For example, a private sector scientist could become a chemistry teacher if their skill set is comparable and the district specifically requests them.
“Someone who is an accountant and wanted to be a business teacher,” Smith gave as another example. “We’re just trying to accommodate and help schools any way we can to get them through this rough patch.”
That emergency certification lasts till the end of the school year, officials say, and the teacher must achieve certification during the year if they want to continue teaching.
NCLB AND RttT ARE FOR OTHER PEOPLE’S KIDS
I have said this over and over again…Lame duck Secretary of Education Arne Duncan has never taught in a public school. He never even attended a public school. As a child he attended the University of Chicago Lab school…then went to Harvard. He majored in sociology and played on the basketball team. When he graduated he played professional basketball in Australia, then came home and found a job in the education world. He has no education qualifications…no education credentials.
Yet Duncan is the man who has, for the last 6 and a half years, foisted his “education reform” agenda on America’s schools, school children, and public school teachers.
Race to the Top, often called NCLB on steroids, has done nothing to improve education in the U.S. The money spent by the federal Department of Education has not gone to help the schools and children with the greatest need. It’s gone to help schools in states who toe the line by increasing charter schools, accept the Common Core standards, and evaluate their teachers using test scores — three plans which do nothing to increase achievement.
And what about his own kids? While in Washington D.C. they attended public school in Arlington, Virginia, where the Common Core has not been adopted. Now they have moved back to Chicago and will attend Arne’s alma mater, the University of Chicago Lab School. They will be taught by highly qualified teachers who are union members, and who are not evaluated by their students’ test scores. Arne’s children will not be affected by Arne’s public education policies.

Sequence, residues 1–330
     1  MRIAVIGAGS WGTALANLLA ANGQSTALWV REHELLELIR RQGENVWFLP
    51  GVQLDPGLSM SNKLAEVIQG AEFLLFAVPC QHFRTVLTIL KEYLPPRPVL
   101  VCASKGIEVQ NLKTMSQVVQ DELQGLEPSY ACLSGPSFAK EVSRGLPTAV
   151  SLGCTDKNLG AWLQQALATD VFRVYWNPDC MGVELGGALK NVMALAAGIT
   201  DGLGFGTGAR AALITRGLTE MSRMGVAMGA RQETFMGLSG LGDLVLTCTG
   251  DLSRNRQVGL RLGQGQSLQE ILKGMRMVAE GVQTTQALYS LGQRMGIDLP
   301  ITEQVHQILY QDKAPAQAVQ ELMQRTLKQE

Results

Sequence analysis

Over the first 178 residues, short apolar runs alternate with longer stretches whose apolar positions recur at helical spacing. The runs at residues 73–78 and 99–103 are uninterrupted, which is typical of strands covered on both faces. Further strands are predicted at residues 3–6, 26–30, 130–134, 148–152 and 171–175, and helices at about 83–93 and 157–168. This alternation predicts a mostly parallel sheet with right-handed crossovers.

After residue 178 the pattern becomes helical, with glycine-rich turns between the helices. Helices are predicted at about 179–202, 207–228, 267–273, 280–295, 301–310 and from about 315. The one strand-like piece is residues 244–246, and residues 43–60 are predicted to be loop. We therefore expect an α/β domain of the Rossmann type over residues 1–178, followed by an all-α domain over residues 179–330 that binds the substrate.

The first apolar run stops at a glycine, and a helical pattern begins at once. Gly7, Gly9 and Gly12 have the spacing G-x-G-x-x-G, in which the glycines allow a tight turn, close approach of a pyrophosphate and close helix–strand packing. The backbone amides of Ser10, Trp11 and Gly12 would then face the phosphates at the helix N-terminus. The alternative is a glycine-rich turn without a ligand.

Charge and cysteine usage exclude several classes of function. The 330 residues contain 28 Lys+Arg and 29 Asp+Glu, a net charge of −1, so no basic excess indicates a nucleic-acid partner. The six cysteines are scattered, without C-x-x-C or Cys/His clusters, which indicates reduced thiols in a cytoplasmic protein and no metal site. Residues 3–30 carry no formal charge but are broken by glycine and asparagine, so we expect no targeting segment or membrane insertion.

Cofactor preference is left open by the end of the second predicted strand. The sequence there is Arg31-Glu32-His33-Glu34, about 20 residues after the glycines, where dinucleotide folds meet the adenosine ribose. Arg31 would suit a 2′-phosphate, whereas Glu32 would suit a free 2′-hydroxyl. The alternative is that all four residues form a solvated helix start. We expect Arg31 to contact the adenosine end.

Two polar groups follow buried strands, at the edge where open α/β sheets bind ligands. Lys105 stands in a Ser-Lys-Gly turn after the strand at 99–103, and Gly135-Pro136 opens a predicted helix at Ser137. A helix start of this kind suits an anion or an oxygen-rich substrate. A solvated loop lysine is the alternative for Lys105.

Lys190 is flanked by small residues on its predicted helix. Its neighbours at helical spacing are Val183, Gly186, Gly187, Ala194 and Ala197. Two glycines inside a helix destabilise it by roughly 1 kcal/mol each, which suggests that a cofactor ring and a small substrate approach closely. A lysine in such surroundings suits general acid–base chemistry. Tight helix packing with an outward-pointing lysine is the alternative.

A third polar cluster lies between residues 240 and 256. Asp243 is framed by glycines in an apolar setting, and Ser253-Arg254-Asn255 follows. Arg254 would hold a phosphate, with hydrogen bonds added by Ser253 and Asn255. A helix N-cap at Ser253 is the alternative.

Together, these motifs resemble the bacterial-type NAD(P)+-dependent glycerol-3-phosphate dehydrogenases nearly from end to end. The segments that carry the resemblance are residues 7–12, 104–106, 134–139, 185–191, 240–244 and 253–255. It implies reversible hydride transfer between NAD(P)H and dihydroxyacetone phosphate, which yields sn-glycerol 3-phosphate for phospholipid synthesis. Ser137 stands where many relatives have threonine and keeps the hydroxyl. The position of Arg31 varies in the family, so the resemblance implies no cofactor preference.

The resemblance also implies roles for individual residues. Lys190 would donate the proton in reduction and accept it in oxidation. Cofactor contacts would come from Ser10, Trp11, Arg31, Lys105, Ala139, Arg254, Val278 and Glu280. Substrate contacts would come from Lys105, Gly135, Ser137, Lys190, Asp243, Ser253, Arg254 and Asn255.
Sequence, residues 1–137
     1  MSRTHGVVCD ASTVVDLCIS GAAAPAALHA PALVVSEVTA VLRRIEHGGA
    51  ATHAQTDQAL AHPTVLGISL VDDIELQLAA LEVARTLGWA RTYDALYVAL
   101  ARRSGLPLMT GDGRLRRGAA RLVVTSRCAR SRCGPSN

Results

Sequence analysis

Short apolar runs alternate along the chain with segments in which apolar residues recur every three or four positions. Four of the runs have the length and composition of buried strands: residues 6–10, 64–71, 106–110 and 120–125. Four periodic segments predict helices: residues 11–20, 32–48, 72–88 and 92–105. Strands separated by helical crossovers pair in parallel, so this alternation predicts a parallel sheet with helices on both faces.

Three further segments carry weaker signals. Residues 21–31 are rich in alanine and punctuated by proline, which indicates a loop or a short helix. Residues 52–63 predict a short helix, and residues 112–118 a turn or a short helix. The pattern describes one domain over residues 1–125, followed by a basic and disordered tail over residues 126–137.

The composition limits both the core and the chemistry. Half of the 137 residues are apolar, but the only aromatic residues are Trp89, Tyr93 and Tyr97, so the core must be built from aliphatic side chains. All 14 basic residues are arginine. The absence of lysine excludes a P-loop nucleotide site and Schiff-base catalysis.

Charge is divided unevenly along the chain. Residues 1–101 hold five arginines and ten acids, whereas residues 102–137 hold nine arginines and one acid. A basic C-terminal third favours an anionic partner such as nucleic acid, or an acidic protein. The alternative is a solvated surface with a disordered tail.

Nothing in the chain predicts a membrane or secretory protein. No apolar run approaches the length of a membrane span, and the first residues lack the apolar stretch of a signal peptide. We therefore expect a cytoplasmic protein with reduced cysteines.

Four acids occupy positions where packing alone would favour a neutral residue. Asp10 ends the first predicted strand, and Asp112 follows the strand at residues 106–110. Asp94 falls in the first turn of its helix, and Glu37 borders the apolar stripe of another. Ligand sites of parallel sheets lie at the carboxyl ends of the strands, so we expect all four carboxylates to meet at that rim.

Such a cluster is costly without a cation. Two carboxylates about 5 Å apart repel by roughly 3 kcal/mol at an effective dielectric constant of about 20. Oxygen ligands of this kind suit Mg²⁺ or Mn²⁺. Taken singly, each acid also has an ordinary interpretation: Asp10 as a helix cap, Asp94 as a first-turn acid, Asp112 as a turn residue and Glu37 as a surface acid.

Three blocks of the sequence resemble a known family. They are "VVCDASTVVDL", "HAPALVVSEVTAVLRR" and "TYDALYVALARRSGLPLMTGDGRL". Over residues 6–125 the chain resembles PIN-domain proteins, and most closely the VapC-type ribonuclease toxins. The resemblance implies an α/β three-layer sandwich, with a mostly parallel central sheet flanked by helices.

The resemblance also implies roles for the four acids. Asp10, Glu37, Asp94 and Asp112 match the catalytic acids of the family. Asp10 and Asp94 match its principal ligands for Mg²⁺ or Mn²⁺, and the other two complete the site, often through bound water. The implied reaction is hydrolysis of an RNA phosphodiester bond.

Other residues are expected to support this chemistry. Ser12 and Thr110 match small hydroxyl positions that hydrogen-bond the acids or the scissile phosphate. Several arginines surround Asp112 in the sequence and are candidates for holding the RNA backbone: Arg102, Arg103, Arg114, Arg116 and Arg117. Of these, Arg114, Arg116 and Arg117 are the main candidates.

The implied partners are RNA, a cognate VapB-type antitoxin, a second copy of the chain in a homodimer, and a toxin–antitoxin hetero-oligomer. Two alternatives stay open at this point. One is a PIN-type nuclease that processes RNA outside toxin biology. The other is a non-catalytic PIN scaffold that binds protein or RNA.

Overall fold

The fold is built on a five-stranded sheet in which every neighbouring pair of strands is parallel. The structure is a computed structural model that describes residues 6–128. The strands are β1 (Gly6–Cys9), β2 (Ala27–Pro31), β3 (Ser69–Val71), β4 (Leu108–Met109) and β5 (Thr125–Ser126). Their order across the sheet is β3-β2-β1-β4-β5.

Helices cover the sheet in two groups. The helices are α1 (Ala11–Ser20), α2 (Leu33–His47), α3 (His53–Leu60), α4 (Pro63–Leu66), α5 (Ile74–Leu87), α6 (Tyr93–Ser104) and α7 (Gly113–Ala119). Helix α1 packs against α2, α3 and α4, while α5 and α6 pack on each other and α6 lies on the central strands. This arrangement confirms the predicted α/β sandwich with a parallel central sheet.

And in a year and a half, Arne will likely go to work for some “reformy” company…
…While Duncan is interested in making his own family’s logistics easy, the very public charter schools that Duncan and his department have supported and pushed for expansion have hastened the closure of many neighborhood public schools, making it more difficult for many families — especially single-parent families — to get their children to schools that are nowhere near their homes. Charter schools have been permitted to open wherever the founders want with no consideration for what cities need to serve all of their students. Charter schools can limit the number of students who attend; traditional public schools can’t. As a result, in urban areas where neighborhood schools have been closed, parents must apply to charter schools and hope to get into one that is near them. It doesn’t always happen….
The narrow pursuit of test results has sidelined education issues of enduring importance such as poverty, equity in school funding, school segregation, health and physical education, science, the arts, access to early childhood education, class size, and curriculum development. We have witnessed the erosion of teachers’ professional autonomy, a narrowing of curriculum, and classrooms saturated with “test score-raising” instructional practices that betray our understandings of child development and our commitment to educating for artistry and critical thinking. And so now we are faced with “a crisis of pedagogy”–teaching in a system that no longer resembles the democratic ideals or tolerates the critical thinking and critical decision-making that we hope to impart on the students we teach.